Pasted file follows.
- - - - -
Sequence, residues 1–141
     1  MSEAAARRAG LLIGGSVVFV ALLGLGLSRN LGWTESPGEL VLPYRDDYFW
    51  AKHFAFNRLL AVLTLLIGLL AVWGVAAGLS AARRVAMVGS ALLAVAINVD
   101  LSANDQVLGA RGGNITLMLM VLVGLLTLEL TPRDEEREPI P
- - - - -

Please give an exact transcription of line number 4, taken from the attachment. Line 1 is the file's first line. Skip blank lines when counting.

   101  LSANDQVLGA RGGNITLMLM VLVGLLTLEL TPRDEEREPI P